Cal/OSHA and COVID-19 Industry Guidance for Office Workspaces

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Published: 06/8/20 11:08 AM

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Cal/OSHA and COVID-19 Industry Guidance for Office Workspaces

This article was published on: 06/8/20 11:08 AM

On May 12, 2020, the California Department of Industrial Relations (Cal/OSHA) released guidance for businesses operating in office workspaces to support a safe, clean environment for employees. This guidance addresses all of the following:

  • Worksite specific plans;
  • Employee training topics;
  • Individual control measures and screening;
  • Cleaning and disinfecting protocols; and
  • Physical distance guidelines.

Office workspaces must comply with all Cal/OSHA standards and be prepared to adhere to its guidance as well as guidance from the Centers for Disease Control and Prevention (CDC) and the California Department of Public Health (CDPH). Additionally, employers must be prepared to alter their operations as those guidelines change. See the Cal/OSHA guidance.

Download the PDF version: CA Law Alerts HR Blog.pdf

 Localities, Paid Leave, and COVID-19

The following California localities enacted leave laws related to COVID-19:

  • City of Los Angeles Supplemental Paid Leave (issued April 7 and updated May 19) and rules.
  • Emeryville (city’s paid sick leave law as applied to COVID-19).
  • Long Beach COVID-19 Paid Supplemental Sick Leave (adopted May 19, immediately effective, no expiration date but revisited every 90 days to determine if still necessary).
  • Oakland Emergency COVID-19 Paid Sick Leave Ordinance (adopted May 12 and expires December 31, 2020, unless extended).
  • San Jose Urgency COVID-19 Paid Sick Leave Ordinance (employers subject to the Ordinance must provide the required paid sick leave benefits starting April 8, 2020 through December 31, 2020).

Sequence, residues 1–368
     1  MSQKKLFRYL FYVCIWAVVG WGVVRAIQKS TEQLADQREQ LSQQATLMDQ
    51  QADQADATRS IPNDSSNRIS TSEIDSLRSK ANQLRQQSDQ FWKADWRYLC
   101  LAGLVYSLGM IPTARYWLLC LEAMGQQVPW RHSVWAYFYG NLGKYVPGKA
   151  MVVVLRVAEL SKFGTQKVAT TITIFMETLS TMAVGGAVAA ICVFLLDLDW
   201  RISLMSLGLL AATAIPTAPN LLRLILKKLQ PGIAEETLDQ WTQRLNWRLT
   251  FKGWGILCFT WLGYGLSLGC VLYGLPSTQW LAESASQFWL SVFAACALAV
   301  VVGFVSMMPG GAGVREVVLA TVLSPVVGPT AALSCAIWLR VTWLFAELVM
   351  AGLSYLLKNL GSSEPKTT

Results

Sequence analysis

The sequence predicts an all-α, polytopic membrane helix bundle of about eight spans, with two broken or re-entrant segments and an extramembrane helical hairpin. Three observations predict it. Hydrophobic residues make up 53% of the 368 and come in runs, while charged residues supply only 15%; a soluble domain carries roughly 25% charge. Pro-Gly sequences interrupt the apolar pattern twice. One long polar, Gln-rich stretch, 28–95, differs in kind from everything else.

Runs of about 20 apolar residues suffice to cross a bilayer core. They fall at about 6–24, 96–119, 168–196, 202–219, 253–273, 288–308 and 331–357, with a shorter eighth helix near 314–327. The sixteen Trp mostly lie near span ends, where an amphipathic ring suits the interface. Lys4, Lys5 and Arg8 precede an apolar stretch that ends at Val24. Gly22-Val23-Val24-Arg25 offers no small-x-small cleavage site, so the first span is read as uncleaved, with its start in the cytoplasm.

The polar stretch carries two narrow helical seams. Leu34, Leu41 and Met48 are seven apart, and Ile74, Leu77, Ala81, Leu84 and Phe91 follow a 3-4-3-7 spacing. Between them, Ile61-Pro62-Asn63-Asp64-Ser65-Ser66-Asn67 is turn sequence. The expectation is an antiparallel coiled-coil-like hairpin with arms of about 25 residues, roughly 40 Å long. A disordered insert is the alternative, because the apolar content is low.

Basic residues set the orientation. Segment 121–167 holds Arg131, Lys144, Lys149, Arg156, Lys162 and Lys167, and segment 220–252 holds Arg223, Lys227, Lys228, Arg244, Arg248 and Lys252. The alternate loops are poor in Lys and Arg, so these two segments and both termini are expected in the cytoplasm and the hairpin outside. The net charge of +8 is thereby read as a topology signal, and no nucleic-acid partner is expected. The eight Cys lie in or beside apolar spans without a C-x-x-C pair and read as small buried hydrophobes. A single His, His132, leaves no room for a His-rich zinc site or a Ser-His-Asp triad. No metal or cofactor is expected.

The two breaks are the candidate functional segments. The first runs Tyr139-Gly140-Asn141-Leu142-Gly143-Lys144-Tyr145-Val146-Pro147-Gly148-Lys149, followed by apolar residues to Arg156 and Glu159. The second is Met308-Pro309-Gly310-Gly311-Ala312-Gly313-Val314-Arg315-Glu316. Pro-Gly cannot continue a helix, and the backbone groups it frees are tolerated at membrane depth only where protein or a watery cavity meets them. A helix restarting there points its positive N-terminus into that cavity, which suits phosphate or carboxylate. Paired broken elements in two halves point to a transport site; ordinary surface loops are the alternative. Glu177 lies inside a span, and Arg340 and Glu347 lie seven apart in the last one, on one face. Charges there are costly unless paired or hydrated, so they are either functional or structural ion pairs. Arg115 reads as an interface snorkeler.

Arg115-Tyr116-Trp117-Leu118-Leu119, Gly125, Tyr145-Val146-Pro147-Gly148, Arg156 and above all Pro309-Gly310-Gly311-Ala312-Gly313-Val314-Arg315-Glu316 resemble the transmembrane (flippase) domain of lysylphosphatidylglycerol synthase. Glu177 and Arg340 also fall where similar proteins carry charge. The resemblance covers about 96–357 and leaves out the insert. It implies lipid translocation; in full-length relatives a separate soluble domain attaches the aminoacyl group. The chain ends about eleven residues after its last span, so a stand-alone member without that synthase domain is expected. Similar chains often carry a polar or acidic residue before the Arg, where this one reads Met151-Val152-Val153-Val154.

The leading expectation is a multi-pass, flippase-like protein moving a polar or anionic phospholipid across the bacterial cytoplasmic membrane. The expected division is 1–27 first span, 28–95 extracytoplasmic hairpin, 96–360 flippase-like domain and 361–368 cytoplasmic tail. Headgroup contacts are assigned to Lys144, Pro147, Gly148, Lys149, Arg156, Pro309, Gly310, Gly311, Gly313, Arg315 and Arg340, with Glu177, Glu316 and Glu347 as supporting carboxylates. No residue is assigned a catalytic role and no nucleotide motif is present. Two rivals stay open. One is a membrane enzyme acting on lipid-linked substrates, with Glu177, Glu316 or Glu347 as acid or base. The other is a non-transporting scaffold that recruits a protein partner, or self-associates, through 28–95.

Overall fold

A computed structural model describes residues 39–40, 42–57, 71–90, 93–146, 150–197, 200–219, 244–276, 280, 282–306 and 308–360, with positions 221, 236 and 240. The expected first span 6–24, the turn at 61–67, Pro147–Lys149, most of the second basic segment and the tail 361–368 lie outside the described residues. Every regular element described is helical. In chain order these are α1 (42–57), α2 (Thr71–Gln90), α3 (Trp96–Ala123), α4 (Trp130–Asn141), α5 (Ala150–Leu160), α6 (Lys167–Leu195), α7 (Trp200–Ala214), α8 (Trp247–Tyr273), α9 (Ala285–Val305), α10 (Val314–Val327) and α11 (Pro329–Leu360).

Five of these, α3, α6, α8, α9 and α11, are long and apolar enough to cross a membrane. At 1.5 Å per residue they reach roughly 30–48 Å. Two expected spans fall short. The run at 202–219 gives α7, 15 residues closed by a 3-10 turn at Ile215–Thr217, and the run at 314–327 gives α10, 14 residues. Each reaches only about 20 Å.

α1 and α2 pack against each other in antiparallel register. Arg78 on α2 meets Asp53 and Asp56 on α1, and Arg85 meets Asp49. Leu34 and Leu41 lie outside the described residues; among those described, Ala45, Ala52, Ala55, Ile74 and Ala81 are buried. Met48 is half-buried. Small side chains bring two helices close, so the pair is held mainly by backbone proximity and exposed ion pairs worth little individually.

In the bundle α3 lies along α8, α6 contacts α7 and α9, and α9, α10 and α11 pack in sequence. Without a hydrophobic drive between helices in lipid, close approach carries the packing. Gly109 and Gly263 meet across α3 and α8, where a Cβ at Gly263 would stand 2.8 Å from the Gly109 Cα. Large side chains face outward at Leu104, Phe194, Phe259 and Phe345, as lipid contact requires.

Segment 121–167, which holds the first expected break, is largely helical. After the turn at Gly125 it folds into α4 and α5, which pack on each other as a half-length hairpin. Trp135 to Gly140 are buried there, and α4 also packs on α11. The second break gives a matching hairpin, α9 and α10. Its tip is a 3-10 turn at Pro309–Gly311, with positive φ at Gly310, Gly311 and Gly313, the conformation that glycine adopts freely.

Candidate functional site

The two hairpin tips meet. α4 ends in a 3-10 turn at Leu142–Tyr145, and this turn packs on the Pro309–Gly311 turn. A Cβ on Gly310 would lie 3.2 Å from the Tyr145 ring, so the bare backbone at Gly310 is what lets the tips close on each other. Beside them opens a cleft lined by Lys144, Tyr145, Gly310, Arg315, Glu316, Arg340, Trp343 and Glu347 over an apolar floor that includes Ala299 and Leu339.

• Of note, Los Angeles County enacted an emergency paid sick leave ordinance in April.

Sexual Harassment Prevention Training

On May 21, 2020, the California Department of Fair Employment and Housing (DFEH) released its online training courses for the prevention of sexual harassment and abusive conduct in the workplace. Under California law, all employers with five or more employees must provide the following training to employees every two years:

  • One hour of sexual harassment and abusive conduct prevention training to nonsupervisory employees; and
  • Two hours of sexual harassment and abusive conduct prevention training to supervisors and managers.

This training must include practical examples of harassment based on gender identity, gender expression, and sexual orientation. Additionally, employers must provide employees with a sexual harassment poster or fact sheet and maintain records of all employees’ training for at least two years.

All employees must receive training by January 1, 2021. Employers of 50 or more employees have an existing and ongoing obligation to train new supervisory employees within six months of assuming their supervisory position. Beginning January 1, 2021, new supervisory employees in workplaces of five or more employees must be trained within six months of assuming their supervisory position, and new nonsupervisory employees must be trained within six months of hire. Employees must be retrained once every two years. Read more about the online training courses and FAQs.

Reopening Requirements for All Businesses

On May 14, 2020, California updated its industry guidance for businesses that are reopening during the state’s phased plan. The updated guidance requires all businesses to implement the following before reopening:

  • Perform a detailed risk assessment and implement a site-specific protection plan.
  • Train employees on how to limit the spread of COVID-19, including how to screen themselves for symptoms and stay home if they have them.